[0033] In further examples, the system can include a radiant energy source. The radiant energy source can be positioned above the powder bed material as in FIG. 5, or in other examples the heater can be on a side or sides of the powder bed material, or a combination of these locations. In some examples, the support bed can include an additional integrated heater to heat the powder bed material from below to maintain a more uniform temperature in the powder bed. The radiant energy source can be used to heat the areas of the powder bed where fusing agent has been applied to fuse the polymer particles in those areas. In certain examples, the radiant energy source heater can include a heat lamp, infrared heater, halogen lamp, fluorescent lamp, or other type of radiant energy source. In further examples, the radiant energy source can be mounted on a carriage to move across the powder bed. In certain examples, the fusing agent ejector and the radiant energy source can both be mounted on a carriage to move across the powder bed. For example, the fusing agent can be jetted from the fusing agent ejector on a forward pass of the carriage, and the radiant energy source can be activated to irradiate the powder bed on a return pass of the carriage. A coloring agent ejector and any other fluid ejectors in the system can also be mounted on the carriage.

Powder Bed Materials

[0034] The powder bed material can include polymer particles and phosphorescent pigment particles. In certain examples, the powder bed material can include polymer particles having a variety of shapes, such as substantially spherical particles or irregularly-shaped particles. In some examples, the polymer powder can be capable of being formed into three-dimensional printed objects with a resolution of about 20 pm to about 100 pm, about 30 pm to about 90 pm, or about 40 pm to about 80 pm. As used herein, “resolution” refers to the size of the smallest feature that can be formed on a three-dimensional printed object.

The polymer powder can form layers from about 20 pm to about 100 pm thick, allowing the fused layers of the printed part to have roughly the same thickness. This can provide a resolution in the z-axis (i.e., depth) direction of about 20 pm to about 100 pm. The polymer powder can also have a sufficiently small particle size and sufficiently regular particle shape to provide about 20 pm to about 100 pm resolution along the x-axis and y-axis (i.e., the axes parallel to the top surface of the powder bed). For example, the polymer powder can have an average particle size from about 20 pm to about 100 pm. In other examples, the average particle size can be from about 20 pm to about 50 pm. Other resolutions along these axes can be from about 30 pm to about 90 pm or from 40 pm to about 80 pm.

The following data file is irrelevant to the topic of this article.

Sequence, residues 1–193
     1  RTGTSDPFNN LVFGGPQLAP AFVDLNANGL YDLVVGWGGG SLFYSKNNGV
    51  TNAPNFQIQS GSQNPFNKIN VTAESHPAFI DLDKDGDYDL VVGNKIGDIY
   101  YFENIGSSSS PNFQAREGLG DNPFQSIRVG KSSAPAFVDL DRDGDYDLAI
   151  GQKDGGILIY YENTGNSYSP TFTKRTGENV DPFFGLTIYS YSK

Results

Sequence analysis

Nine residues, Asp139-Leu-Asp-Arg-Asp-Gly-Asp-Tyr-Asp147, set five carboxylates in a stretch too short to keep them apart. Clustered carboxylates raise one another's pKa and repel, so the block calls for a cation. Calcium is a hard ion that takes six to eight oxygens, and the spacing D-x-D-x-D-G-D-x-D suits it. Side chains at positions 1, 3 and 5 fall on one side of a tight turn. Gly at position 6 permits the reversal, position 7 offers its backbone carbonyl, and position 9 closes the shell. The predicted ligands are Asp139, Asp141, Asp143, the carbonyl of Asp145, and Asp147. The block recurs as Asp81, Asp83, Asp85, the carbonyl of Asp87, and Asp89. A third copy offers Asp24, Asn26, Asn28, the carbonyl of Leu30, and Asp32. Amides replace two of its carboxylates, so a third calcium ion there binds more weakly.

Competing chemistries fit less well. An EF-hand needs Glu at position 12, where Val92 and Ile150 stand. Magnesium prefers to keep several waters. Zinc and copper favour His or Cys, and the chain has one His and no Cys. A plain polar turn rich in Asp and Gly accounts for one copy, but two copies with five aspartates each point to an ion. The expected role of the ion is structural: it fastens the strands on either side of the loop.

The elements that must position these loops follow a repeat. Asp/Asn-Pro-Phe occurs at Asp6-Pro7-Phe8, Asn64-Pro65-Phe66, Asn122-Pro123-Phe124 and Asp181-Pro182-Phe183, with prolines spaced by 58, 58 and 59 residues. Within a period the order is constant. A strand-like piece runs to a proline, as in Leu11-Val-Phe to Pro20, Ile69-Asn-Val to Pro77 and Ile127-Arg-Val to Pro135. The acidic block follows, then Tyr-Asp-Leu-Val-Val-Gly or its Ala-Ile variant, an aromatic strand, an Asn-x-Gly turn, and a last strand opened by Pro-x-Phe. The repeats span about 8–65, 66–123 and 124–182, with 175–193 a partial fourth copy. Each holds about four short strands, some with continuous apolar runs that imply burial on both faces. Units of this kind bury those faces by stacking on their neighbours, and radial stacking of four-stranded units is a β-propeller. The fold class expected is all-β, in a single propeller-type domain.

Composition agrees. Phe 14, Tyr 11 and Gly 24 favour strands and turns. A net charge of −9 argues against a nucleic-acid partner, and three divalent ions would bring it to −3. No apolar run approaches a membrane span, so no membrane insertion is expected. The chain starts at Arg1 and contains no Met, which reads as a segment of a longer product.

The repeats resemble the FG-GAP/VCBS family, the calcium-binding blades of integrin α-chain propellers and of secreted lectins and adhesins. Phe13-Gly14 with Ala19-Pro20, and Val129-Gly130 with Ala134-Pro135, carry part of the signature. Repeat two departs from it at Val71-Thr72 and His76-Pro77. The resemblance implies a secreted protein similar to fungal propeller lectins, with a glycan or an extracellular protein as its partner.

[0035] The polymer powder can have a melting or softening point from about 70°C to about 350°C. In further examples, the polymer can have a melting or softening point from about 150°C to about 200°C. A variety of thermoplastic polymers with melting points or softening points in these ranges can be used. For example, the polymer powder can be polyamide 6 powder, polyamide 9 powder, polyamide 11 powder, polyamide 12 powder, polyamide 6,6 powder, polyamide 6,12 powder, thermoplastic polyamide powder, polyamide copolymer powder, polyethylene powder, wax, thermoplastic polyurethane powder, acrylonitrile butadiene styrene powder, amorphous polyamide powder, polymethylmethacrylate powder, ethylene-vinyl acetate powder, polyarylate powder, silicone rubber, polypropylene powder, polyester powder, polycarbonate powder, copolymers of polycarbonate with acrylonitrile butadiene styrene, copolymers of polycarbonate with polyethylene terephthalate polyether ketone powder, polyacrylate powder, polystyrene powder, or mixtures thereof. In a specific example, the polymer powder can be polyamide 12, which can have a melting point from about 175°C to about 200°C. In another specific example, the polymer powder can be a polyamide copolymer.